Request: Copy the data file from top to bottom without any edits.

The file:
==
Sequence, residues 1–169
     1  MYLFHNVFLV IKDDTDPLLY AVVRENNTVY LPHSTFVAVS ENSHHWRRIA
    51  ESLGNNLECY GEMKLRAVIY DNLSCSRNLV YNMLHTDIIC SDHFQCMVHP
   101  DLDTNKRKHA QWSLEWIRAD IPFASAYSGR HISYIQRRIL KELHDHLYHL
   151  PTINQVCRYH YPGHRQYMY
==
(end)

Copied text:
Sequence, residues 1–169
     1  MYLFHNVFLV IKDDTDPLLY AVVRENNTVY LPHSTFVAVS ENSHHWRRIA
    51  ESLGNNLECY GEMKLRAVIY DNLSCSRNLV YNMLHTDIIC SDHFQCMVHP
   101  DLDTNKRKHA QWSLEWIRAD IPFASAYSGR HISYIQRRIL KELHDHLYHL
   151  PTINQVCRYH YPGHRQYMY